The Blue Sapphire by D.E. Stevenson This was a re-read for me. Back in the mid-197s, Wal-Mart carried a lot of D.E. Stevenson reprints with new artwork on the covers and I bought several of them. The Blue Sapphire was originally published in 1963 but the cover on my book is straight out of the 1970s: her ruffled, loose dress, wedge sandals and long, flowing curls; his open necked shirt with the big collar and styled hair. When I read a book, I really like to picture the time setting in my mind – and the early 60s were not like the 70s, in any fashion.
Therefore, I see this as an opportunity to do an altered bookjacket.
The Blue Sapphire is a cozy romance and a quick read. It’s pleasant with likable characters, although I must say that I found Julie ( the female protagonist) a bit stuffy at times. Perhaps that makes it more believable.
(Dorothy Emily Peploe’s father was Robert Louis Stevenson’s cousin; she used her maiden name when she wrote, but the copyright is in her married name.)
*Tides by V.M. Caldwell (Juvenile Fiction) The sequel to The Ocean Within targets 5th – 9th grade readers. It’s the continuing story of 12 year old Elizabeth who was adopted into the Sheridan family one year previously. All the Sheridan grandchildren spend each summer at their grandmother’s house on the ocean. Which ocean? We don’t know, but the clues are: the kids spot Vermont license tags on the journey there; it’s not Maine and there are pine trees right up to the beach. That’s a minor issue. However, the author doesn’t tell us why Elizabeth is afraid of the water, which is the main issue in the book. At the end, we are left to kind of …well… guess.
The writing is well crafted and held my interest. The subject matter is enjoyable – a house full of cousins, summertime, the beach, a town with a movie theater that shows W.C. Fields films. This is fun stuff to me. But the dark cloud is the intrusion of social issues – Elizabeth aids an environmentalist who’s trying to catch polluters.
Tides is a publication of Milkweed Editions, which is a non-profit publisher who “publishes with the intention of making a humane impact on society, in the belief that literature is a transformative art uniquely able to convey the essential experiences of the human heart and spirit”, according their note at the back of the book. At least they are upfront and bold in stating their goal.
My beef is that 10 year olds don’t need the weight of the world on their shoulders and how dare authors and publishers try to rob them of their childhood.
What they didn’t mind was inserting some gaia earth worship and a brief little ceremony for “mother ocean”. Perhaps they think they’re being ecumenical because they also devote very short passages to Judaism, Catholicism, as well as mentioning Hinduism, Buddhism and agnosticism. Talk about all-inclusive.
One very surprising element was the subject of spanking. Grandmother spanks. Everyone agrees that she’s fair about it, and there’s the agnostic mother’s disapproval of it, but I thought it was unusual aspect of a modern novel.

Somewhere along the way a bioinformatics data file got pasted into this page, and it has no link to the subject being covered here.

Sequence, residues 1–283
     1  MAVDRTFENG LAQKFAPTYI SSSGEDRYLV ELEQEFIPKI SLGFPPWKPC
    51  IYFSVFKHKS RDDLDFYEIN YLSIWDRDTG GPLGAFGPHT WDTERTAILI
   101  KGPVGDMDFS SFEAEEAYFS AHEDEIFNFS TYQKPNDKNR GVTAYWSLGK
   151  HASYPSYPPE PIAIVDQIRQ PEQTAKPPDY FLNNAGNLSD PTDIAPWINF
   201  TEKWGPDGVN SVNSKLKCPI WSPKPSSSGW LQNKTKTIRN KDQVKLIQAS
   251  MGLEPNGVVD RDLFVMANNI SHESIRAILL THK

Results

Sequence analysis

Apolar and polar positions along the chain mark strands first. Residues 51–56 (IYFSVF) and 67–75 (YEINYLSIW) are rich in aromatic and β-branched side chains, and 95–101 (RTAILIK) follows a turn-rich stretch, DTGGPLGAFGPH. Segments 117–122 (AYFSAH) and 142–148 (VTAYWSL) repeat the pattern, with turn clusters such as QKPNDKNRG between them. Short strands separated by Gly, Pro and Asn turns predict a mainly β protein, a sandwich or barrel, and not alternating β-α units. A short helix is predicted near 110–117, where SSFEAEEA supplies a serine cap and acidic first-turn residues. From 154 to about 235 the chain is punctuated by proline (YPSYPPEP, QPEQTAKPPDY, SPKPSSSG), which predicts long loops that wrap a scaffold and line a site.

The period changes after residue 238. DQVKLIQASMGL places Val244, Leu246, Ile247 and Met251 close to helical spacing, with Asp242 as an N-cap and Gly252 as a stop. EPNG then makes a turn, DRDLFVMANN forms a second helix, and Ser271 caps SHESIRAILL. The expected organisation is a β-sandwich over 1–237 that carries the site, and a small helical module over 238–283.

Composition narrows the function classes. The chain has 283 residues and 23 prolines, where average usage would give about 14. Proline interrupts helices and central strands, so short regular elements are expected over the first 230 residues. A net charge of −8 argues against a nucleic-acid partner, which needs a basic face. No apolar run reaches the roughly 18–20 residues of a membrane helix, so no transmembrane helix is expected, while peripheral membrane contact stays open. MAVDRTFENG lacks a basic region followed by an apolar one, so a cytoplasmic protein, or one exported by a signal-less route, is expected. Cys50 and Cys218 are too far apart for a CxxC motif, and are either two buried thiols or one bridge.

NOT RECOMMENDED for children.
The beach/family vacation storyline was much better done in The Secret of Cross Bone Hill by Wilson Gage.
*Theater Shoes by Noel Streatfield (Juvenile Fiction) It was in the movie “You’ve Got Mail” that I first heard of the Shoe books. I didn’t know if they were real books, or just something fictionalized for that story. When I did an internet search (remember this was about 1998) the cupboard was bare.
Then when I looking over the Books for a Donation area at the library – there it was – Theater Shoes! I added it to my stack of purchases, brought it home and read it right away.
It’s a delightful episode in the continuing story of a Dancing/Theater school in London. This go-round was written in 1945 and concerns 3 children whose guardian grandfather dies. Since their mother is deceased and their father is missing in action with the British army, they have nowhere else to go but to a grandmother they’ve never met. Unbeknownst to them, their maternal relatives are all theater people and they are enrolled in Madame Fidolia’s Children’s Academy of Dancing and Stage Training, which to them is like falling down the rabbit hole.
This passage from`Chapter 14 describes how the war had changed the appearance of a first night theater audience: “The audience was exactly as Miriam had said it would be, and not a bit as Alice had described it. The women were in uniform or dark overcoats, and most of them had big boots with fur linings. The men were in uniform or exactly as they had come on from work. Nobody was dressed up. Aunt Lindsey was looking very nice in a black frock and fur coat, but only nice in the way that anybody might look in the afternoon.”
Even though it’s written for older children, Theater Shoes is a charming book which held my interest.
*Night by Elie Wiesel This is a tough book to read, which I knew going in. It is the story of Wiesel and his Jewish family in the early days of World War II, their deportation to Auschwitz, then Buchenwald. At first there is his father, mother and sister. The mother and sister are separated from them, then his father is gone.
It’s the story of the price of survival.
It is a horrible and cruel book. One that we need to read every time we’re told that Israel is expendable.
The Gentile world turned it’s collective back on the Jews. They have no other place to go but Israel.
God bless his chosen people and the land He gave them.
RECOMMENDED for the strong